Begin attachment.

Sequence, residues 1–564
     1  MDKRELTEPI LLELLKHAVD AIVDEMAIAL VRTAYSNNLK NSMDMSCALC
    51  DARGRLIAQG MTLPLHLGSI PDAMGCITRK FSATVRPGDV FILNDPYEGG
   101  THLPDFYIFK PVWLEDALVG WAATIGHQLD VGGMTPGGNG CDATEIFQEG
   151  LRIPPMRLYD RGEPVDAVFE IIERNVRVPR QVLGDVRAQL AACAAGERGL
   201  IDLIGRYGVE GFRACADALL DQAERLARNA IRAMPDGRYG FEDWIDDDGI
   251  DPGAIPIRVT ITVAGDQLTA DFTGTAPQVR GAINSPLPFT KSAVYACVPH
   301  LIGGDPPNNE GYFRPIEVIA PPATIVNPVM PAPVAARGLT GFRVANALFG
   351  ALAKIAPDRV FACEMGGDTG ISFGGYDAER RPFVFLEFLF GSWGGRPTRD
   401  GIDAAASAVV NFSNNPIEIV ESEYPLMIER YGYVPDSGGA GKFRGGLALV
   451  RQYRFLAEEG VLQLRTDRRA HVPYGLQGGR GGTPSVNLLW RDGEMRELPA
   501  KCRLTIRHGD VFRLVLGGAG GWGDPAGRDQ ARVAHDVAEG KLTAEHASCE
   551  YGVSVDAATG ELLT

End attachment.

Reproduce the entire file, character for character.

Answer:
Sequence, residues 1–564
     1  MDKRELTEPI LLELLKHAVD AIVDEMAIAL VRTAYSNNLK NSMDMSCALC
    51  DARGRLIAQG MTLPLHLGSI PDAMGCITRK FSATVRPGDV FILNDPYEGG
   101  THLPDFYIFK PVWLEDALVG WAATIGHQLD VGGMTPGGNG CDATEIFQEG
   151  LRIPPMRLYD RGEPVDAVFE IIERNVRVPR QVLGDVRAQL AACAAGERGL
   201  IDLIGRYGVE GFRACADALL DQAERLARNA IRAMPDGRYG FEDWIDDDGI
   251  DPGAIPIRVT ITVAGDQLTA DFTGTAPQVR GAINSPLPFT KSAVYACVPH
   301  LIGGDPPNNE GYFRPIEVIA PPATIVNPVM PAPVAARGLT GFRVANALFG
   351  ALAKIAPDRV FACEMGGDTG ISFGGYDAER RPFVFLEFLF GSWGGRPTRD
   401  GIDAAASAVV NFSNNPIEIV ESEYPLMIER YGYVPDSGGA GKFRGGLALV
   451  RQYRFLAEEG VLQLRTDRRA HVPYGLQGGR GGTPSVNLLW RDGEMRELPA
   501  KCRLTIRHGD VFRLVLGGAG GWGDPAGRDQ ARVAHDVAEG KLTAEHASCE
   551  YGVSVDAATG ELLT